General Secretary of the Maritime Union of New Zealand, Joe Fleetwood, has written the following opinion piece in the Dominion Post:
The grounding of the Rena has created a storm of outrage and concern.
The disaster has been widely reported around the world. It continues to unfold as the vessel disintegrates on the Astrolabe Reef.
Many New Zealanders are confused as to who is responsible. They are confused as to how such an event could have happened. They are confused, concerned and angry about the outcomes and the response of the Government and authorities.
The issue of responsibility is important. As important as the salvage efforts are, people have a right to know why we are in this mess in the first place.
The Government and the authorities are keen to show they are focused on fixing the problem.
However, the time to fix the problem was before it happened. Now, at best, we are getting a very rough and costly patch-up job.
One issue that has suddenly gained the media spotlight is flag of convenience shipping.
Many people are shocked when they have grasped how this system operates on the New Zealand coast.
The Rena is flagged in Liberia, like thousands of other flag of convenience vessels.
Liberia, a small, war-torn and impoverished nation in West Africa, makes a huge chunk of its foreign earnings from its flag of convenience registry.
In many of these flag of convenience states, there are few laws and regulations, let alone any enforcement of them.
Maritime workers in New Zealand ports have seen many substandard flag of convenience ships over the years, and many serious incidents on these vessels.
This is deregulation operating in a globalised free market economy, with no oversight, no responsibility and no morality.
In 2004 as part of a national campaign, the Maritime Union stated, "Flag of Convenience ships are notorious for their exploitation of crews and safety risks. They endanger our environment and port security, and are a threat to the future of the New Zealand maritime industry."
The Maritime Union has called for the repeal of Section 198 of the Maritime Transport Act and the introduction of the cabotage system, where New Zealand ships would be given priority to carry cargo between New Zealand ports.
Since the previous National Government introduced the so-called "open coast" policy in the 1990s, flag of convenience vessels have come to dominate New Zealand coastal shipping.
New Zealand shipping, operating under New Zealand standards, paying New Zealand taxes and employing New Zealand crews, has been decimated and struggles to survive.
There are beneficiaries from this situation. It is a cheap way of doing things. But as we all know, doing things on the cheap has a funny way of ending up being more expensive in the long run.
At the same time as we are witnessing the Rena disaster, the Government is holding an inquiry into the bad practices aboard foreign charter vessels in the New Zealand fishing industry.
These issues are all related. They come back to a failure to control the worst aspects of the global maritime industry from being established here.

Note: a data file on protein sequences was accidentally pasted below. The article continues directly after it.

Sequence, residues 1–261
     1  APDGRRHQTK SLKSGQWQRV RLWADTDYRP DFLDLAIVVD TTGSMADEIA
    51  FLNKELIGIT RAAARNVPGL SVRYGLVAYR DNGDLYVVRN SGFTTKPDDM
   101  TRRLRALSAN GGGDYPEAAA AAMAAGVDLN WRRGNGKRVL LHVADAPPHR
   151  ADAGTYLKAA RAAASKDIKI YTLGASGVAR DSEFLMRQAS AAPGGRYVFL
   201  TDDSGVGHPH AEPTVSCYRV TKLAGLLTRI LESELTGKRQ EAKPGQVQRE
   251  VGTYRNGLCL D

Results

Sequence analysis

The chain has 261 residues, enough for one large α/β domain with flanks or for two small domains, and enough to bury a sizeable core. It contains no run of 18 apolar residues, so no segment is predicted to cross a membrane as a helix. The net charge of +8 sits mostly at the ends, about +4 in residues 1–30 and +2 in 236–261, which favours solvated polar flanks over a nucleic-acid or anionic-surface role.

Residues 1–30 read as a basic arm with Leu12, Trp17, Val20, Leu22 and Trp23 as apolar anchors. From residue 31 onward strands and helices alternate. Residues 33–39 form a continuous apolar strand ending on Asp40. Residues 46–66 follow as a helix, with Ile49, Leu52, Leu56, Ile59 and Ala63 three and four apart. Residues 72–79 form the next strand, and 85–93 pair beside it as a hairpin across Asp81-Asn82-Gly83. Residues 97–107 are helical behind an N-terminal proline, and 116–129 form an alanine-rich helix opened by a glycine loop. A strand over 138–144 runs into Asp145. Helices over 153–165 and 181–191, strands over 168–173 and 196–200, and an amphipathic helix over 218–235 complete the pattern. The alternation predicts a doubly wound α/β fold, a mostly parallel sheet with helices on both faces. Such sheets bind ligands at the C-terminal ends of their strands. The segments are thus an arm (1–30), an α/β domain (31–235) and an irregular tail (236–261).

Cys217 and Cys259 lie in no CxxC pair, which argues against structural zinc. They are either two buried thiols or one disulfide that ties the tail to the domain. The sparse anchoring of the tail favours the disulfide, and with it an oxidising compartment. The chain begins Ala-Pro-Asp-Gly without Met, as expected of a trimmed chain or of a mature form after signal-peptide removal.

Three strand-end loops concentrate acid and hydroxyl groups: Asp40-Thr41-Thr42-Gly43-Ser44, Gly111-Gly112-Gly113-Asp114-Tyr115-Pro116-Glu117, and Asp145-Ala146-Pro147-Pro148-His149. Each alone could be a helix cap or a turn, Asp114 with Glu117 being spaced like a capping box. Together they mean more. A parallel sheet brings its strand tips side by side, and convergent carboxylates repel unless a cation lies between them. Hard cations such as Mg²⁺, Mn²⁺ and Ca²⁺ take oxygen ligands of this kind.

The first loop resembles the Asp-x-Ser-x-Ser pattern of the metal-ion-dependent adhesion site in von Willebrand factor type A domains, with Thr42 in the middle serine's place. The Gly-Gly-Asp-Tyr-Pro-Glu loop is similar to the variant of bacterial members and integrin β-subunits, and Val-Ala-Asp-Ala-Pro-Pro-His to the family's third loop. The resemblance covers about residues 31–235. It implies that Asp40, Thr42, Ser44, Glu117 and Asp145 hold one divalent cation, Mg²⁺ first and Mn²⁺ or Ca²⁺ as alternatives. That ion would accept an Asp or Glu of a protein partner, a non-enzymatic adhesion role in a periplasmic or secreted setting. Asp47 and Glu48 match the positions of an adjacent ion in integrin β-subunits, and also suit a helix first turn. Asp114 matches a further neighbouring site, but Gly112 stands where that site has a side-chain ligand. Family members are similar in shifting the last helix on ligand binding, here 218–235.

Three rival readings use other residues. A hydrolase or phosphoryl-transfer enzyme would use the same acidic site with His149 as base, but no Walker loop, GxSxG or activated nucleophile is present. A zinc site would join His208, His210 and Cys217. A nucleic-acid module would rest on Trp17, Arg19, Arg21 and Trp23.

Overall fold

The series of events leading up to the Rena grounding is unclear.
However, the Maritime Union is determined that blame should not be conveniently pinned on one or two ship's officers.
There needs to be an inquiry into the systemic problems in the maritime industry.
Were the crew massively incompetent? If so, why could they be in control of a vessel like this on the New Zealand coast?
Were the crew fatigued after working round the clock to fit in with the schedules of the charterers MSC? If so, should the company be held responsible, along with the authorities who permitted this situation?
Was the vessel faulty? Were its navigational standards sufficient? It had been picked up for numerous issues both in mainland China and Australia before its arrival in New Zealand.
Was a full inspection by Maritime New Zealand taken of the vessel, given these numerous documented failings? If not, why not?
The incidents on flag of convenience vessels, including foreign charter vessels operating in the New Zealand fishing industry, makes for a long and grim list.
Sinkings, drownings, asphyxiations, severe injuries, physical attacks, underpayment, pollution and overfishing, abuse and exploitation are all documented throughout the maritime industry.
For years the problem has been out of sight and out of mind.
There were no votes to be gained from impoverished foreign crews. Complacent politicians have come and gone, and the profits kept flowing to the shipping corporations.
Now we are all reaping a bitter harvest from those irresponsible decisions.
The only good thing that can come of Rena is that New Zealanders now understand we can no longer allow the current situation to continue.
The maritime industry and flag of convenience shipping must be regulated and controlled to prevent a repeat.
It is a great shame that it has taken an event like the Rena to show us why.